We stopped at the store at the bottom, gassed up the bikes and ourselves and giggled. The Tail of the Dragon is another must-ride road - yes, it's full of knuckleheads, but wave'em on past and enjoy 11 miles of super road. Try to hit it on a weekday when there aren't so many people trying to emulate Nicky Hayden or Miguel DuHamel. Stop at the store and marvel at the variety pack of sport bike riders, HD cruisers, Gold Wings with trailers, Vespas...a rolling motorcycle show.
We rolled out of the store and headed up the Fontana Lake road back towards Cherokee in a bit of a drizzle, the only rain we saw over the 4 day weekend. We fought our way through Cherokee and into Maggie Valley. I had told Mark that if the Wheels Through Time Museum was open, we had to stop there. Luckily it was.
We pulled up to the sidewalk in front of the museum to see a man roll starting a bike down the sidewalk into the parking lot. As it passed, we noticed it was a Crocker! A very rare motorcycle, and here was one riding around the gravel parking lot. Mark called to the man to get a picture, and he proceeded to pull up and do a gravel slinging semi-burnout for us. What a riot!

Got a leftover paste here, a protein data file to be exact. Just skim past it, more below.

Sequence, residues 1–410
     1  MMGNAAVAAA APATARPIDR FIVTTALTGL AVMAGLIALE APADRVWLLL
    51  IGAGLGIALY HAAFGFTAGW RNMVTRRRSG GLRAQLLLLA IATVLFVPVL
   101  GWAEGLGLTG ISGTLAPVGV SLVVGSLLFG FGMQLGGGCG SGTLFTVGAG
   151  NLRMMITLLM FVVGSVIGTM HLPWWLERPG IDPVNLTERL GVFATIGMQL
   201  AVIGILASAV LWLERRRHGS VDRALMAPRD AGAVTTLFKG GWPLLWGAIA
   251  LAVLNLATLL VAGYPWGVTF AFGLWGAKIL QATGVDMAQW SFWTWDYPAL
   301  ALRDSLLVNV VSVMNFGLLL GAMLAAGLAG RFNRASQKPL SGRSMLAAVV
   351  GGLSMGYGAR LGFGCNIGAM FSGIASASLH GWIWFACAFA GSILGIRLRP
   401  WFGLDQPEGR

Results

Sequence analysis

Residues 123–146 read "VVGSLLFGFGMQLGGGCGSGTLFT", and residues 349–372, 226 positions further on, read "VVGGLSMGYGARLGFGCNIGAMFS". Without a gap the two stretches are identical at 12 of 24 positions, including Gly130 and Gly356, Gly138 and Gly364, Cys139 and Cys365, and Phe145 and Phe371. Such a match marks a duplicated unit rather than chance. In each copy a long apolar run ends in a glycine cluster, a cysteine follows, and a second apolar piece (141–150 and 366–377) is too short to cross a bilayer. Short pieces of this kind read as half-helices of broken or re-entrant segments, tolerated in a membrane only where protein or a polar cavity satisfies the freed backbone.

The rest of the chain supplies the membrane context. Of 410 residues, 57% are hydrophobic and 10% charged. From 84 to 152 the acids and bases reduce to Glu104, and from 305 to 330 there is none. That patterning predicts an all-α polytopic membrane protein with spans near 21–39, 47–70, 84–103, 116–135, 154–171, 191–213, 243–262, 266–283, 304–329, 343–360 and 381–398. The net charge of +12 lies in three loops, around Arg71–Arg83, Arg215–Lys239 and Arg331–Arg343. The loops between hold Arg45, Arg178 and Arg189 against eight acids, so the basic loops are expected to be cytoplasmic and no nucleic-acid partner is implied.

Turns out he was the owner, Dale Walksler. He led us into the museum, gave us free passes for our next visit since we had arrived so late, started up an Ace, a Henderson, and an Excelsior, and was just the most gracious good natured host you could imagine. The mat at the door of the museum says "The Museum that Runs", and Mr. Walksler sure emphasized that. He said that every bike that was restored was ridden, and you could definitely tell - a little oil drip here, a little stain there. Beautiful to see the old iron still being exercised.